Ardian – A Case Study in Value Creation

Image representing Ardian as depicted in Crunc...
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I’m surprised that there hasn’t been more written about Ardian since their sale to Medtronic last month. It may be the largest venture-backed medical device exit to-date. Ardian’s $800M-plus-milestone-payments may end up being larger than Medtronic’s purchase of CoreValve for $700M-plus-milestone-payments in 2009. Even more unusual was Ardian’s relatively early-stage. At the time of sale, CoreValve had implanted devices in 2,600 patients at 125 centers in 25 countries. Ardian exited much earlier, with about 150 patients treated.

Overnight sensations don’t happen overnight. While Ardian seemed to come out of nowhere in 2009 and exited large in 2010, the truth is that the company had been hard at work for almost 10 years. Ardian achieved more than 10X return on $66M invested – at least $732M of value created, before milestones. While the end of the story is still unwritten, Ardian’s first few chapters form a great case study for medical device entrepreneurs and investors.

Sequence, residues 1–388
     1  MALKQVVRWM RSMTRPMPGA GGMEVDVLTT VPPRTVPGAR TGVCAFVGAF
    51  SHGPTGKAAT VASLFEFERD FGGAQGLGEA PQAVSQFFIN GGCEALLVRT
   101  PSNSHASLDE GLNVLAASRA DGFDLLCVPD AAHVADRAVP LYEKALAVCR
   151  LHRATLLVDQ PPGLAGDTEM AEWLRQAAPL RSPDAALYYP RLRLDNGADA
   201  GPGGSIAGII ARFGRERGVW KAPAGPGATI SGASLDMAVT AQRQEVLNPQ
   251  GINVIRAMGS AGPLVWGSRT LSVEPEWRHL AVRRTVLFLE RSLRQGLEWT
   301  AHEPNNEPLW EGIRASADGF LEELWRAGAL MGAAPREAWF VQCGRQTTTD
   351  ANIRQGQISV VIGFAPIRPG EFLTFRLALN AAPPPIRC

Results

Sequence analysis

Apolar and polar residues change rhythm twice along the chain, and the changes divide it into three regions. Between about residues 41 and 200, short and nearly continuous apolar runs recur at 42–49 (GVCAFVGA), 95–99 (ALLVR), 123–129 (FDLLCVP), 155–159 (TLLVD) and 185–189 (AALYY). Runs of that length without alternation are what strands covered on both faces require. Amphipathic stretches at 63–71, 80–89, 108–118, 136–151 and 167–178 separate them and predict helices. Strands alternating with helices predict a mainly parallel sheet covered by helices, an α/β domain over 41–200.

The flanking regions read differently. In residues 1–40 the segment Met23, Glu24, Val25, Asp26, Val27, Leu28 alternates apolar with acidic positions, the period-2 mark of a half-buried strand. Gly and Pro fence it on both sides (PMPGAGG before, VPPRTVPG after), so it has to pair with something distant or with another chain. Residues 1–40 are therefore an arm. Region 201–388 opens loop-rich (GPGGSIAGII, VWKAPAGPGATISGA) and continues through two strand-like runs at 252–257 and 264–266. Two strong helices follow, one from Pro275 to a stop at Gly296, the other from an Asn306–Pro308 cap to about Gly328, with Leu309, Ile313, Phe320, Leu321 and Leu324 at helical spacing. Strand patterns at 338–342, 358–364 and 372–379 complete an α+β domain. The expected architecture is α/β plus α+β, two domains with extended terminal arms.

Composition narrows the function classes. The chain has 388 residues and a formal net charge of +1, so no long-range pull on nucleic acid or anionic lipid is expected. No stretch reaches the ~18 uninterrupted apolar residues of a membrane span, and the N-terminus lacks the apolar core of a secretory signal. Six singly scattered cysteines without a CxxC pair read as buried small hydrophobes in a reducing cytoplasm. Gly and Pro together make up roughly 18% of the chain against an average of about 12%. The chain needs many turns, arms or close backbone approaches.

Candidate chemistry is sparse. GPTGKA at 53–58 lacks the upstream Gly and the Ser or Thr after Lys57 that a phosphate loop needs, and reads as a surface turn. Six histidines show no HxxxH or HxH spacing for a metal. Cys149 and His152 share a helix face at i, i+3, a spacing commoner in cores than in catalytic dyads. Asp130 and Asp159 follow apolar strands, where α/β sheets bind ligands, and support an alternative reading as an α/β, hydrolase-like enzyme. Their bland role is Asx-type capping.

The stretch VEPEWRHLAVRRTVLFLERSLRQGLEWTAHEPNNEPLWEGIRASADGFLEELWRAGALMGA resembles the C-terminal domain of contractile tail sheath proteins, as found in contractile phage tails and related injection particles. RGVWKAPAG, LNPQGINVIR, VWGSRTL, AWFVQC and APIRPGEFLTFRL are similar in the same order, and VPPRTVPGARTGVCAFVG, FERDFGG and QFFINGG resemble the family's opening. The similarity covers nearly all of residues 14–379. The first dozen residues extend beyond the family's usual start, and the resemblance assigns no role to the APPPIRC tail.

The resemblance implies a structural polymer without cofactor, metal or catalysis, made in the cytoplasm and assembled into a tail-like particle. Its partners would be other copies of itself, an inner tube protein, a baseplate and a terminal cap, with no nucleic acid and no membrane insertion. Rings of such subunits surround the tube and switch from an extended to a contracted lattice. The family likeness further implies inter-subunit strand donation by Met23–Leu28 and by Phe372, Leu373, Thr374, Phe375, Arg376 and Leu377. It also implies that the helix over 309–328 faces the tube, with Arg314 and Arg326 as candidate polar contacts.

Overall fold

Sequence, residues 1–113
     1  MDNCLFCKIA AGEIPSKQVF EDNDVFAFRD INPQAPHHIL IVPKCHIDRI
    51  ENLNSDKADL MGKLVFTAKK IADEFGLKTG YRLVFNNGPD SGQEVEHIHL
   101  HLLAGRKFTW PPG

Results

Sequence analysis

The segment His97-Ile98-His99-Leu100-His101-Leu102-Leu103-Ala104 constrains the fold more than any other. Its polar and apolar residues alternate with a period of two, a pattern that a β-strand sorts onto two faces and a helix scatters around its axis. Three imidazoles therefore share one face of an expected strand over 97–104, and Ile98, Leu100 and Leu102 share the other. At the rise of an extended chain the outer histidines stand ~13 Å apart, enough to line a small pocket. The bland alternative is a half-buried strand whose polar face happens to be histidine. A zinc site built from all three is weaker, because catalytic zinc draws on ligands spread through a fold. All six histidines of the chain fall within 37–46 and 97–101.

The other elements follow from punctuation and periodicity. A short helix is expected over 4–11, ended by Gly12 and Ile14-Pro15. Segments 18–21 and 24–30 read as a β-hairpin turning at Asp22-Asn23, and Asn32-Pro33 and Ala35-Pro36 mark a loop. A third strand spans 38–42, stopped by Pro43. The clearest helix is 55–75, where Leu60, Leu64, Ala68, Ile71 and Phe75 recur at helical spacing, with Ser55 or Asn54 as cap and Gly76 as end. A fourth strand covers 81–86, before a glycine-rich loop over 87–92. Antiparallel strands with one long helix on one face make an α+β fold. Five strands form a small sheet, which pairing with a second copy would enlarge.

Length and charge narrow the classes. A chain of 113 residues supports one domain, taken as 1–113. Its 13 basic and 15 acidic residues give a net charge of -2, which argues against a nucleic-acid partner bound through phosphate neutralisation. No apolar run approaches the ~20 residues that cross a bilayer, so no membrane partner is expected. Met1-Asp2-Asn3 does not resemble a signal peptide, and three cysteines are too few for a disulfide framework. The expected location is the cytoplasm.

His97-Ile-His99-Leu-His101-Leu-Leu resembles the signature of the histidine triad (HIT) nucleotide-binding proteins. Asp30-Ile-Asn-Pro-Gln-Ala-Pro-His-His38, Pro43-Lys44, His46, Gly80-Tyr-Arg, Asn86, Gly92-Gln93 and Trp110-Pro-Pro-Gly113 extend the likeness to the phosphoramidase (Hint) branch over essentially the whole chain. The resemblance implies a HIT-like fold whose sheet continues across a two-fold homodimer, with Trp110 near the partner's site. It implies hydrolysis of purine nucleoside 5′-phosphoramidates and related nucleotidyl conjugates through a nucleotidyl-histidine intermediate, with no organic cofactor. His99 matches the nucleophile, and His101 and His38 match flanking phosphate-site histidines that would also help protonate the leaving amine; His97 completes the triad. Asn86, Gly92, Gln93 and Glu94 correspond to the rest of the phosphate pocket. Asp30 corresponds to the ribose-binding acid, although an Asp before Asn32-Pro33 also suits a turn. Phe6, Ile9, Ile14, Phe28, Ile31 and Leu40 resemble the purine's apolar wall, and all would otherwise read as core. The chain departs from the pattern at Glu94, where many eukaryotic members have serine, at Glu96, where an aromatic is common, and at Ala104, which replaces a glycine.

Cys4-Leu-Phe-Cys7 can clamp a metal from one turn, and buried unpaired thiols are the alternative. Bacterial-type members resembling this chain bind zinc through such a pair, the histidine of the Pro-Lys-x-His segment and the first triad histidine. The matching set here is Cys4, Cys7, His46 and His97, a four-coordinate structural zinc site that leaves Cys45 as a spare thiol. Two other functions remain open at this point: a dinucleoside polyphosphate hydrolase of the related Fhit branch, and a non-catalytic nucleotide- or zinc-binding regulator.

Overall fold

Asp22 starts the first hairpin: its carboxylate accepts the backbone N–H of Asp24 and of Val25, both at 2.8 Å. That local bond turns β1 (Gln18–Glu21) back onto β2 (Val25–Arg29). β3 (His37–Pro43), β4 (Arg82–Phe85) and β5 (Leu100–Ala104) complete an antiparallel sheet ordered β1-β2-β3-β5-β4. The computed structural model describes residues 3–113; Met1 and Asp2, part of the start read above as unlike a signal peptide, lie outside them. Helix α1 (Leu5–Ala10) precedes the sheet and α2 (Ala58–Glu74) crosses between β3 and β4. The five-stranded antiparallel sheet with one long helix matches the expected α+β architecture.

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Come Back When You Have More Data

Museum of Bad ArtOver the past several months, I’ve had the privilege of meeting many entrepreneurs who are raising funds for new medical device startups. One common VC refrain they hear: “Come back when you have more data.” Many times this can be a VC’s way of saying no without saying no. Sometimes though, the VC really means what s/he says: the current proof-of-concept data hasn’t proved the concept. It’s not just startups that face this challenge. I’ve seen weak proof-of-concept data in bigger companies too. How can you make sure your proof-of-concept data is solid?

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